Words: James Frostick
Artist image: Sarah Rhodes

Chloe Alison Escott – one half of Tasmanian noise-punk duo The Native Cats – will be releasing a new solo record in October via Chapter Music. Stars Under Contract is an album of pared-back piano and voice compositions – twin foundations supporting a collection of reflective thoughts and musings. We’re thrilled to be premiering the video for the album’s new single ‘I Know the Soul By Its Presence in Others’ – a delicate piece showcasing the tenderness and subtle majesty evident on the record at large. 

To simply say Chloe Alison Escott has a way with words is to grossly minimise her proficiency at turning a phrase. Throughout her career as a member of The Native Cats Chloe has often tied my brain into a knot with her unique phraseology – communicating heartache, growth and strength in a way that I feel few others can. It’s a style of lyricism that rewards repeat listens, intricate ciphers that hide meaning beneath the folds of syllables – riddles that lead to treasures of understanding. Chloe’s forthcoming solo record Stars Under Contract – a 16-track opus of sparse piano-driven songs – is shaping up to be no different. Although it’s the kind of music that is stylistically counter to the heaving tremble of The Native Cats’ artful dissonance, the record still boasts a dash of wry humour, heart-on-sleeve earnestness and an understated power communicated through Chloe’s prose. The album was recorded in February (with the help of Evelyn Ida Morris) and is conceptually an album of “questions of transformation and shame and self-acceptance over a long, lonely night“. I can’t think of a better vehicle to communicate such sentiments than the stark minimalism of a piano ballad, where the words are placed front and centre for us all to engage with.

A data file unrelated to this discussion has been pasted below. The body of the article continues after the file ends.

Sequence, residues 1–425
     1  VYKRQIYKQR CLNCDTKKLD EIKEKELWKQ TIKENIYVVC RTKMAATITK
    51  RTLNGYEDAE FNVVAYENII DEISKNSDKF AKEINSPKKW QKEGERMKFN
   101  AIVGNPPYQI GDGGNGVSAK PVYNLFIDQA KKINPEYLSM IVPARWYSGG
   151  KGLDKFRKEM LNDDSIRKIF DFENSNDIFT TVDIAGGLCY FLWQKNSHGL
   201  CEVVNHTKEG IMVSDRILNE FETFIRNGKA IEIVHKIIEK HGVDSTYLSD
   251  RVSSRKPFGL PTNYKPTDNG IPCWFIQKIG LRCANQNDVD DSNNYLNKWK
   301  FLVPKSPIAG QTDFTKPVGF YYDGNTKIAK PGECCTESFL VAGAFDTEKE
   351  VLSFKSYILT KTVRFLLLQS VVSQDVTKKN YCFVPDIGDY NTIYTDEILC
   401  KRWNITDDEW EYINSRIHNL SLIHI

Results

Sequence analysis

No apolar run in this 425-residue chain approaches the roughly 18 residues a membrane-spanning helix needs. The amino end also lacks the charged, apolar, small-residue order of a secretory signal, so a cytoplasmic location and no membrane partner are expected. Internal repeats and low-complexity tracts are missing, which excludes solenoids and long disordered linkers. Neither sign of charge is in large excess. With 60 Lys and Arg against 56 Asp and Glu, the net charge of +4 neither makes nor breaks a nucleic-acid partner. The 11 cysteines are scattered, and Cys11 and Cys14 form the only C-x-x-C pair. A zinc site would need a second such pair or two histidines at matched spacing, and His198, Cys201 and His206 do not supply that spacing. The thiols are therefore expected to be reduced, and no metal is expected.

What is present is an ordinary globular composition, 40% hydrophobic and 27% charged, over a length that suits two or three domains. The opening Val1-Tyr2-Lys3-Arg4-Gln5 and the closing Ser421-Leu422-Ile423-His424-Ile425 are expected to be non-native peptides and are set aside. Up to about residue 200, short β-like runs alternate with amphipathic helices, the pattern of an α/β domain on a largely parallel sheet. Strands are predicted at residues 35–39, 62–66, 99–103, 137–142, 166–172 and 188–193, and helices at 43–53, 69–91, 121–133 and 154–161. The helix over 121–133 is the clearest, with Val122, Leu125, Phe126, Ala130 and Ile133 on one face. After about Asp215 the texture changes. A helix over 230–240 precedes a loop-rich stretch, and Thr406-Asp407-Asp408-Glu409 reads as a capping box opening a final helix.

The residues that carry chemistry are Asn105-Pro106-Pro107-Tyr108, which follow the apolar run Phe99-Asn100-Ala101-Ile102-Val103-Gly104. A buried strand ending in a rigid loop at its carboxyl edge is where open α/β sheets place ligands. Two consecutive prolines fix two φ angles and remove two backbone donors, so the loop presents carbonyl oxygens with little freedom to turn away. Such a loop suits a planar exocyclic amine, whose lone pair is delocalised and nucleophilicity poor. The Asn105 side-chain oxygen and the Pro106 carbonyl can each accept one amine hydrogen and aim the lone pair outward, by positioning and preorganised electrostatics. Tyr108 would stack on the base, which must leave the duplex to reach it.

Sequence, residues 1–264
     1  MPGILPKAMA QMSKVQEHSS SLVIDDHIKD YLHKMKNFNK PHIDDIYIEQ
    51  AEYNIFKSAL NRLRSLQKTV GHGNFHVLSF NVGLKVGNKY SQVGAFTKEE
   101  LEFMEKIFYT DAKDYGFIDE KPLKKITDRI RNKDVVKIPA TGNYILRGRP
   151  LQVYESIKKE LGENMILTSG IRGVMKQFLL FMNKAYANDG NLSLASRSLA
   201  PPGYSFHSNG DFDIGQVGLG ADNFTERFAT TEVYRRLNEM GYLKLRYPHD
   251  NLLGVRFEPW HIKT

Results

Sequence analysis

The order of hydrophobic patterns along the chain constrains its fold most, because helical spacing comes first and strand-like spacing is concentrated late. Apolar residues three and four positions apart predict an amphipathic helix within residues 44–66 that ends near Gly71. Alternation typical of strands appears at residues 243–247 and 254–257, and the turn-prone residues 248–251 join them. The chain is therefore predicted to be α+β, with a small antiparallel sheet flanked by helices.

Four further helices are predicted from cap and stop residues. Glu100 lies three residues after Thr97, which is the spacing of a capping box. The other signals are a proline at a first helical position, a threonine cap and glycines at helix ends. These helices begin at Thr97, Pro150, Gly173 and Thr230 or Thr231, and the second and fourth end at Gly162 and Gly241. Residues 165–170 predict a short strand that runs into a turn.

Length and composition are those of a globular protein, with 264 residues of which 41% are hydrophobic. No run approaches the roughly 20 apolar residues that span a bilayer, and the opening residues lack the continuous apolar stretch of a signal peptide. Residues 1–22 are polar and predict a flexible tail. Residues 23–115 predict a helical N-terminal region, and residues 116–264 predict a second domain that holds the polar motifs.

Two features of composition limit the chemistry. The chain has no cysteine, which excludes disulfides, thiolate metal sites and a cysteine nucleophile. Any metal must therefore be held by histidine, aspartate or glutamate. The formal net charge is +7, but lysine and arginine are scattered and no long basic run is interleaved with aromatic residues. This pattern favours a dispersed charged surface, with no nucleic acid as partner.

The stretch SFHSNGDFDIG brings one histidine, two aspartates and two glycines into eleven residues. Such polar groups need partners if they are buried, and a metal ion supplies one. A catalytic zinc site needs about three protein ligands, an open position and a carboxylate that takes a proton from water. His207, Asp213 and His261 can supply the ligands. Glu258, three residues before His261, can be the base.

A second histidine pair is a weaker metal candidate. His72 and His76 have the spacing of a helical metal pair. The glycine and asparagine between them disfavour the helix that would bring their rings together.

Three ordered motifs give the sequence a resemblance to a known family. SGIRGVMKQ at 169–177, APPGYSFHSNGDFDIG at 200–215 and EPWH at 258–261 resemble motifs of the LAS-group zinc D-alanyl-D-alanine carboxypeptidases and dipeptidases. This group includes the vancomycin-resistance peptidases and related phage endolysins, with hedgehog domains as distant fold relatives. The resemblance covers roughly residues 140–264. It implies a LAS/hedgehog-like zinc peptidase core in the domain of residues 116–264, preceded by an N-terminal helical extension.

The album’s second single ‘I Know the Soul By Its Presence in Others’ follows ‘Stranger Than Death‘, Chloe’s contribution to Chapter Music’s recent Midnight Meditations compilation. It is a graceful number that, to me, communicates a disconnection – a palpable feeling of loneliness enhanced by Chloe’s spartan piano progression (the kind of solemn tinkling that I imagine pairing perfectly with a lonesome wander on a cold winter’s day). The simplicity of the music serves to foreground Chloe’s lyrics – sombre and unwavering, yet there’s a softness woven in that adds to a palpable feeling of separateness. As always, Chloe’s phrases are open to interpretation. Passages like “I float an inch above the land / I bury cheap gifts in the sand” and “I decline everything I am sent” give me a sense of passivity or a hesitation to engage fully – perhaps a conscious untethering from the now unfamiliar, a realisation on Chloe’s part that there’s no tangible connection to much of her own social sphere. This sense of removal could position Chloe in a suitable vantage point to observe others, measuring the density and shape of our souls from afar – but that is probably a reach on my part. What’s for sure is that I could linger on this track for hours, picking at its frayed edges and examining the strings that come loose. The song comes with a video accompaniment, too. Of the clip, Chloe shared this tidbit of insight:

Izzy Almaz and I shot this video around Hobart a month and a half ago. The idea was to complicate the meaning of the song and offset its downer vibes a little, using the clip Lana Del Rey directed for ‘Video Games’ way back when as a reference point. Friends have since told me the song doesn’t have downer vibes at all; it’s such a relief to finally misunderstand my own songwriting this way.

Watch and listen to ‘I Know the Soul By Its Presence in Others’ here:

‘I Know the Soul By Its Presence in Others’ is live on all major streaming platforms. Stars Under Contract will be released on October 16 through the ever-excellent label Chapter Music. You can pre-order the album by clicking here.